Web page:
Gamestyle Archive intro: We don’t have to look too far in 2001 to find another example of a poor Dreamcast release. Such a shame given the possibilities the platform offered. The ‘shocking new age jazz funk’ soundtrack was a worthy accompaniment to the gaming experience it seems.
Published: February 2001
VERSION: Pal DC
DEVELOPER: Lucas Arts
GENRE: Star Wars
ACCESSORIES: Vibration, VGA and VMU.
RELEASE: Out Now
A long time ago in a galaxy far far away Lucas Arts were known for their quality games on the PC i.e. point & click games and Star Wars titles. Today is different, the company has certainly taken the quantity over quality route and as most console owners will testify apart from the average Podracing, recent releases have been very poor.
For this reason I approached Jedi Power Battles with caution which is a shame as I’ve thoroughly enjoyed similar titles such as the excellent Twisted Metal 2 on the PSone. The game is set just after Episode One, which has seen the Empire ban Podracing. Jabba the hut obviously needs his Tatooine betting revenue on the outer rim and therefore devises an even more dangerous spectacle that is Jedi Power Battles.
The game is a straightforward vehicle shoot ‘em up, nothing more. In the arenas you will find various weapons, shields and recovery points – just collect them and destroy your opponent. They’ve tried to put some resemblance of a story with each level in the one player mode but your only real incentive is to unlock new craft and characters. Other one player options are the tournament, high stakes and hunt a droid – a is a pathetic excuse for an option. Your win loss record will be with you throughout the game and will affect the odds and betting you can do in the High Stakes mode. The tournament mode will give you objectives that aren’t really hard to achieve because of the AI. The easiest way to win is arm your vehicle with the mine-like weapons and then let your opponents follow you and drop them every so often. They will continually make no attempt to avoid the mines and go straight over them, resulting in an easy victory. The self-targeting missiles are lethal but remove any skill from the combat. The one player mode is great in comparison to the two player offering.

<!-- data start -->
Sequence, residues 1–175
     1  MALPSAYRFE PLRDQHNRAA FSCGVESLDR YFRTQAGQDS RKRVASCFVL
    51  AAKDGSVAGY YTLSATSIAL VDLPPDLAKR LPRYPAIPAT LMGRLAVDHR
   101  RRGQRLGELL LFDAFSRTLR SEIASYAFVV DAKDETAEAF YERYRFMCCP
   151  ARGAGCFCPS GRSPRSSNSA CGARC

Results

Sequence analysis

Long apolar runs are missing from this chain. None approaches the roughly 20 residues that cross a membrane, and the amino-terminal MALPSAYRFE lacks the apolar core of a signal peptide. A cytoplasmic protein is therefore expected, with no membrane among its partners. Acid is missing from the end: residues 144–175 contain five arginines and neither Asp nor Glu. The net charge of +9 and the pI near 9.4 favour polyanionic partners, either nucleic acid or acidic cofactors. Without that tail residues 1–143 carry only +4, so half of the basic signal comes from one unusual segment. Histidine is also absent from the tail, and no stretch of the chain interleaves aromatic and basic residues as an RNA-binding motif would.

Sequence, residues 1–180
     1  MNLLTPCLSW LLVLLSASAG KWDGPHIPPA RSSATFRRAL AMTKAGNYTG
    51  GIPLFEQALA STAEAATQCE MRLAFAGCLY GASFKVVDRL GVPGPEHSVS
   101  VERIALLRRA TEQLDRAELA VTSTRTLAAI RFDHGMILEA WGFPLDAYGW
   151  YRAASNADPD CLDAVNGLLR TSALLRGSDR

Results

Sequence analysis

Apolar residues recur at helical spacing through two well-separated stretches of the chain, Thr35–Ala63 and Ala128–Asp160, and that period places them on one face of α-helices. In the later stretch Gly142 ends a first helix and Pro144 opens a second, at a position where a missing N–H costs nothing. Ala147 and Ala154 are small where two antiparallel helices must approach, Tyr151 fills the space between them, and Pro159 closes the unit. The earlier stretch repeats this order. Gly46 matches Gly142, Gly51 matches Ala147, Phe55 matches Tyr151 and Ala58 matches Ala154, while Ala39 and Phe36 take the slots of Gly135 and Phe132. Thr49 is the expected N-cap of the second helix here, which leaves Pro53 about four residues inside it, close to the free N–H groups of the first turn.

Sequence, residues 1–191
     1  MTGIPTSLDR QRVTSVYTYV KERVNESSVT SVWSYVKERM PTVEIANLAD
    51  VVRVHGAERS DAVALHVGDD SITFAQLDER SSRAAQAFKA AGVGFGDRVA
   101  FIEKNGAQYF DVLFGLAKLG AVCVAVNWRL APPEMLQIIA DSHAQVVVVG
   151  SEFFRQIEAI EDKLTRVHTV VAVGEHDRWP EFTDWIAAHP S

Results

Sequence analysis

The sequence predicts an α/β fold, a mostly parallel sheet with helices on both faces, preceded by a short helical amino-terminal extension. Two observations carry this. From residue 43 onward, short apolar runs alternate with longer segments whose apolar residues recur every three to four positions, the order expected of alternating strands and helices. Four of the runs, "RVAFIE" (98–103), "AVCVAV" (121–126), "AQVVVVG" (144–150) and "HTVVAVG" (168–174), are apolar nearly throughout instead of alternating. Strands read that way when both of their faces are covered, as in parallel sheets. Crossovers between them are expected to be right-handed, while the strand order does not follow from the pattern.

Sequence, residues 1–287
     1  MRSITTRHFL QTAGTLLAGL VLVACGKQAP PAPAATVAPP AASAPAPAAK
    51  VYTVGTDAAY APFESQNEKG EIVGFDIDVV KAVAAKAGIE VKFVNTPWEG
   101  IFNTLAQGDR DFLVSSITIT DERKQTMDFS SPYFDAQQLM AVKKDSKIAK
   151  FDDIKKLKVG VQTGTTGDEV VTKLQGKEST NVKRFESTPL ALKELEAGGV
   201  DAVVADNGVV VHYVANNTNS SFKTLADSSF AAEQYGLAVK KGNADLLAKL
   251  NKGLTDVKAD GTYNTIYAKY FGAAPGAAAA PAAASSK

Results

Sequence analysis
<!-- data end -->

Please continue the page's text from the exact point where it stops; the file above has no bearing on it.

For a game involving so much weaponry and carnage, the soundtrack and effects are fairly quiet. I won’t complain about the soundtrack as it contains the shocking new age jazz funk sounds that accompany most Star Wars releases – it really does nothing for game and slows the pace. While the sound effects are no doubt taken from the films, even with the sound level up full, they seem quiet and almost mono in their quality.
Graphically this game is a real disappointment; the only good thing I can say about the graphics is that the resolution is good. I can accept the mist in the Dagobah swamp level as perhaps realistic (its fantasy remember) but the Naboor stadium is under a constant state of being built. The pop up is shocking in all the level’s, which really renders long range shooting pointless. The layout and design are good but it is unfortunate that the programmers could not have done a better job. I did look down at my console to make sure this was on the same machine as Shenmue, Quake III, MSR, Crazy Taxi and Daytona.
It’s a shame that Jedi Power Battles is such a poor offering (perhaps the victim of being rushed out for Christmas in America) as if it was better executed it could have been an enjoyable game. One to avoid and that goes for the fans as well!